So why look at it? It's been trading sideways for some time and continues to have issues with lawsuits brought by disgruntled investors who watched their market position get destroyed. But I have a feeling that once things settle down the stock could easily double based on the company's strong revenue growth. But be warned, this is not a stock for the faint of heart.

    FireEye provides real-time threat assessment for its customers based on a virtual machine platform that they invented. The system is well-regarded and from their website we are told that they protect five out of the six major telecom companies, five of the top ten financial institutions, seven of the top energy companies, seven of the top ten high-tech companies, and five of the top ten aerospace defense contractors. It was FireEye that Sony called to help them figure out who it was that attacked them and how they could shore up their defenses.

    If you go to the FireEye website at you will see an alarming cyber threat map that as I write this column is reporting over 24,000 attacks on this day alone.

    Financially, the company is growing quickly on the top line but still losing money. Third-quarter revenue (to Sept. 30) came in at $114.2 million, up 168% year-over-year. However, the GAAP net loss was $120 million ($0.83 per share) while the non-GAAP loss was $73.9 million ($0.51 per share).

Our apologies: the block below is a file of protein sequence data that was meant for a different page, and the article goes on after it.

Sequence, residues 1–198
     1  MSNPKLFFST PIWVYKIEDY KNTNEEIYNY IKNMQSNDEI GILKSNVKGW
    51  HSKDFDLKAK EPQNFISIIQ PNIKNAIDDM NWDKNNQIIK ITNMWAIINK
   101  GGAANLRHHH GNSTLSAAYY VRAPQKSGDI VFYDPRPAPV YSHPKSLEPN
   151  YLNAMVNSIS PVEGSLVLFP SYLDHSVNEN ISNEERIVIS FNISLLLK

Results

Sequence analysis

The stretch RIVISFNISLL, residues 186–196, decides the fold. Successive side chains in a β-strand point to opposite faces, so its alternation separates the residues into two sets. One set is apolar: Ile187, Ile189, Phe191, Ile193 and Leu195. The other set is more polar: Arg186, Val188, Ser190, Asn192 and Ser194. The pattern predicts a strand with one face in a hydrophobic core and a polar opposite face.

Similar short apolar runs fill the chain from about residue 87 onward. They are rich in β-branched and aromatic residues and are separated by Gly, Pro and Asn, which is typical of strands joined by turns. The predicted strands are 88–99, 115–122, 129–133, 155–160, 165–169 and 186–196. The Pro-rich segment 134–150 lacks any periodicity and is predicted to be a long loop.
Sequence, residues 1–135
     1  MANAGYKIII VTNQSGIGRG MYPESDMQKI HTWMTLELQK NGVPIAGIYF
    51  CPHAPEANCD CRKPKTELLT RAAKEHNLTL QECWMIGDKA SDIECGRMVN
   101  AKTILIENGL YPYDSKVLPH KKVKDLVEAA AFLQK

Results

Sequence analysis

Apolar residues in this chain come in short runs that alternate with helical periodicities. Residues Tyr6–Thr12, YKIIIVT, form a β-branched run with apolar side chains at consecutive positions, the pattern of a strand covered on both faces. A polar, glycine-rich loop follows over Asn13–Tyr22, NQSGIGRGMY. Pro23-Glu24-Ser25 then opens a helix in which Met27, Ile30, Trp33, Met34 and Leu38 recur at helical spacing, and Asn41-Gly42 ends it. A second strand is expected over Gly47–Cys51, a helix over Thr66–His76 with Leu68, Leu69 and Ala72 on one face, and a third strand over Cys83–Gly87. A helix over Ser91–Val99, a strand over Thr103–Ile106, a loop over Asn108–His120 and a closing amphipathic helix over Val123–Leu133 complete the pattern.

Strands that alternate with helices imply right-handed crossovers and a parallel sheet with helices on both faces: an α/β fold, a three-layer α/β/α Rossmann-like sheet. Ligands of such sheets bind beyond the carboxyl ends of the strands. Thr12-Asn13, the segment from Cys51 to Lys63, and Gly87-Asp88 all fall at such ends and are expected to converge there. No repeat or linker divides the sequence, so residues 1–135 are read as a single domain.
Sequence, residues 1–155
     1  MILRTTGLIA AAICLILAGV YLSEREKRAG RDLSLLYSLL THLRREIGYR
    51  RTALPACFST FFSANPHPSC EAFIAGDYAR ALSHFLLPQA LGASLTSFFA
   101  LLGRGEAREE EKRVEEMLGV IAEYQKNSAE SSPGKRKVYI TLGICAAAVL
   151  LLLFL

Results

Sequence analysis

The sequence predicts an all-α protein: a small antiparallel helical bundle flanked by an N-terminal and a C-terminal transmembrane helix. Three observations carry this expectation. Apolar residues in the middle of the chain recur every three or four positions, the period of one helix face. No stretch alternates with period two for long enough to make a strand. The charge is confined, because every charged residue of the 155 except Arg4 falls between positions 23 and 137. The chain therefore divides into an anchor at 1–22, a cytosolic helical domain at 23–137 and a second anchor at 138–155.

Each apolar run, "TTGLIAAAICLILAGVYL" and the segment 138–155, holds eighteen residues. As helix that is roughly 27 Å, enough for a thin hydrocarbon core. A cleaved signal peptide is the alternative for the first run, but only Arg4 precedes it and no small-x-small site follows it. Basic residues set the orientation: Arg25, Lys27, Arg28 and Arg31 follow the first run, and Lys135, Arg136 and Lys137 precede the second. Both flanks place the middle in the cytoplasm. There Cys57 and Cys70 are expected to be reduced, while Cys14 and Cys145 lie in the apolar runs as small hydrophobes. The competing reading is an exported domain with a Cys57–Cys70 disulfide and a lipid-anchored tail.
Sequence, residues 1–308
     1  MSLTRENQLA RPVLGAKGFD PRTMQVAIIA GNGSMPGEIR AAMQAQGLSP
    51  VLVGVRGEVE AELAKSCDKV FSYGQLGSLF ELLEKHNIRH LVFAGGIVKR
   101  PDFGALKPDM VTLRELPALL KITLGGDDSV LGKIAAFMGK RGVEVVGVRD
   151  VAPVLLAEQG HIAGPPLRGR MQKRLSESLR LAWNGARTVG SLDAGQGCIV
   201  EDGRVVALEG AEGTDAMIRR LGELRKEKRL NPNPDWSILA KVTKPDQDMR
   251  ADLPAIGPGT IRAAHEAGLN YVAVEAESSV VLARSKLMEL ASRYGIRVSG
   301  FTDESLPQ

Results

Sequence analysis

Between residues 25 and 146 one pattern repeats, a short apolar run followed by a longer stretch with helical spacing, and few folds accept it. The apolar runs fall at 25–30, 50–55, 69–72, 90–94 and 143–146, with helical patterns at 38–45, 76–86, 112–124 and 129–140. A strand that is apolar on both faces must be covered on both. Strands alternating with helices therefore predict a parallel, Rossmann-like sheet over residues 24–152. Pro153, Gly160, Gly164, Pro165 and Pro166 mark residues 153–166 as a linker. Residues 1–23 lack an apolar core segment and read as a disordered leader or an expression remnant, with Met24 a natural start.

For the fourth quarter of 2014 (results to be released next month) the company projected billings in the range of $195 million to $210 million with losses of between $0.46 and $0.50 a share.

    Cautious investors may want to wait and see the fourth-quarter results before establishing a position. More aggressive investors may want to take a small stake now and add more later, depending on how the quarterly report goes.

    Action now: Buy with a target of $40. The shares closed Friday at $34.93.

    Interestingly, one of the things that Sony did while they were going through the attack was to shut down all their iPhones and reactivate some old BlackBerries that they found in the basement. So an outside beneficiary of all the cyber security concerns, ironically, might be BlackBerry, which has been trying to remake itself into a security software provider. Their handhelds still provide the best email security in the market.